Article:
Pick and Choose – how to Choose a System

The subject of Procurement (for that is what this is) could fill many blogs – but I will attempt to give a potted guide here!  There are many procurement consultants out there and if you are inexperienced in purchasing systems (including consultancy) then you may want to engage one. They will assist in the entire process from requirements gathering to final purchase decision.

There are so many factors to be taken into consideration, but I will focus on just three aspects for now:

  • The Needs of the business
  • Cost / value of the system to be chosen and your budget
  • Services – including implementation, training and ongoing support

Taking these in turn, starting with Needs, you will now have an appreciation (from previous blogs) of how to evaluate the requirements of all the interested parties in your organisation.  You will maybe need some assistance in combining these into a Requirements Document – you need to be able to communicate to vendors what you are looking for, to give them an opportunity to demonstrate how their offering will match with those requirements.  If you’re a small business owner, this does not have to be too onerous, but it also helps to focus your mind on what you need – and avoid being dazzled by a ton of features (with an associated price tag) that you just don’t need.

system procurement choosing a system
Do you really need the Next Big Thing

In my years in business I have seen such documents range from a single page of A4 to a full Invitation to Tender.  I have also spoken to many business owners who have no such document – just a need to “get me some CRM” – I’d not really recommend this latter approach!  However, you should be able to consolidate your discussions with other members of the team into a short list of features that you need your new CRM to have (sample here).

Budget.  Many business owners have no real appreciation of the cost of systems – and that includes everything that might be required to implement a system.  Not everyone wants a cloud-based system for example, so you might need to upgrade your server or other parts of your infrastructure.  Even a cloud-based system might require you to review and upgrade your broadband connection or internal network.

You need to take into account the cost of licences or subscriptions and any other annual maintenance costs that may apply.  So-called “Perpetual” licences – where you purchase a licence and use it until you decide to upgrade or replace the software – are less common now, most software is sold as a per user / per month (or year) subscription.  The benefit of the latter is that support and/or maintenance is usually included.  However, you need to ensure that you know what you are paying for, and what fees you will have to pay, and when.  If there is an alternative option to purchase perpetual licences (perhaps on a local server) then compare the costs, including hardware costs, over 3 or 4 years to understand the value of each.

Services.  This includes the “human” element of the deal.  Do you need assistance to implement your system (see previous blogs that discussed the difference between installation and implementation).  Do you (and your team) need user training?  I would argue that the answer to both of those questions should be Yes!  It’s generally true that organisations that invest in implementation services and training get the best Return on Investment from their software systems.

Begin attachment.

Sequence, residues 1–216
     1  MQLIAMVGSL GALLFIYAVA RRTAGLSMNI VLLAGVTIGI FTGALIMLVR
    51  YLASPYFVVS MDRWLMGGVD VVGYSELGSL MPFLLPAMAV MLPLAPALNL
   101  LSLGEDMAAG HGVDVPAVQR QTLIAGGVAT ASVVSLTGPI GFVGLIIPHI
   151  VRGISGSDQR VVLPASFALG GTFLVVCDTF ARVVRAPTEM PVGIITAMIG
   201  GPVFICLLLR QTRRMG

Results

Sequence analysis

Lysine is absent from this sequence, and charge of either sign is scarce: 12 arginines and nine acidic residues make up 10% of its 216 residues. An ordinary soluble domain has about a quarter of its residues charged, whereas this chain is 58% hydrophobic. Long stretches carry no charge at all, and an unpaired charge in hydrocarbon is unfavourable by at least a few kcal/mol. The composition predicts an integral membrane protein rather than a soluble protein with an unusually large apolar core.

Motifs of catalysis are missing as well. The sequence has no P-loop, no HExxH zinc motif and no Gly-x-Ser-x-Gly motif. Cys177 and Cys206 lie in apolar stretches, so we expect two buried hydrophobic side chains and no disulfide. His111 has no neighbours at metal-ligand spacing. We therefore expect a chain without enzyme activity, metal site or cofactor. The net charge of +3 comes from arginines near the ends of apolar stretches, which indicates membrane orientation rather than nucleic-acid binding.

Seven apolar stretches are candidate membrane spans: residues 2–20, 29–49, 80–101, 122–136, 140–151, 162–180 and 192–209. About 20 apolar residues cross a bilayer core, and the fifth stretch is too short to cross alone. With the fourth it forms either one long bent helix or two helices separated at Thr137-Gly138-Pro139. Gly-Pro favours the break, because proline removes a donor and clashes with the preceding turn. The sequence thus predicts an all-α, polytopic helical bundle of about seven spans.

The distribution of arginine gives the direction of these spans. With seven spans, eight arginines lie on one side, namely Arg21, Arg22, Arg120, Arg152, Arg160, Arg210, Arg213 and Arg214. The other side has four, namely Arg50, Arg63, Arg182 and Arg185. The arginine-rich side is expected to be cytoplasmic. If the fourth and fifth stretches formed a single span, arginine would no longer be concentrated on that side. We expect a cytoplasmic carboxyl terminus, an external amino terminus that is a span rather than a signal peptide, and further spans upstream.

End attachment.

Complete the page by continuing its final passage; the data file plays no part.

You also need to know what you should do and who you should call if something goes wrong?  You may want to check out reviews of cloud-based software to see what other users have thought about the support and service provided when they have queries or problems.  Make sure as well that support won’t follow US business hours if you are in the UK so that you are left hanging all morning until someone comes into work at (your) 2pm!   Is there a knowledge base you can search, is there a chat facility or forums where you can post queries?

If you are engaging consultants to assist with implementation and training then ask for references, and also make sure that you (and your staff) will like and trust them – they will spend a lot of time together and it’s helpful for everyone to get along!  If it doesn’t feel right then move along and select someone else – you want this to be a lasting relationship for everyone to get the best results.  Don’t just expect them to walk away once everyone is trained and leave you to get on with it – the best consultants will work with you to ensure that software and systems adoption is an ongoing process – and can always be improved, especially as business processes change.   It is worth including a sum in the annual budget for this – to help maximise ROI.

A good consultant won’t provide a system demo until they have taken the time to understand your requirements – there is no point showing you features you have no interest in using – although sometimes they will suggest features that you may not have considered – but only once they have a good grasp of how your business operates and therefore how the software can help you.

You may find it beneficial to look at a number of systems – I don’t recommend you look at more than three in any detail – and consultants.  You will learn a lot from that process and will be able to evaluate them all on a level playing field – especially if you have a robust requirements doc to refer back to.

system selection process

This has been a very swift look at selecting a new system (and can be applied to any number of software purchases – not just CRM) but barely scratches the surface.  However, hopefully it has highlighted the importance of preparing for this process, and given an indication of the kind of things to consider.


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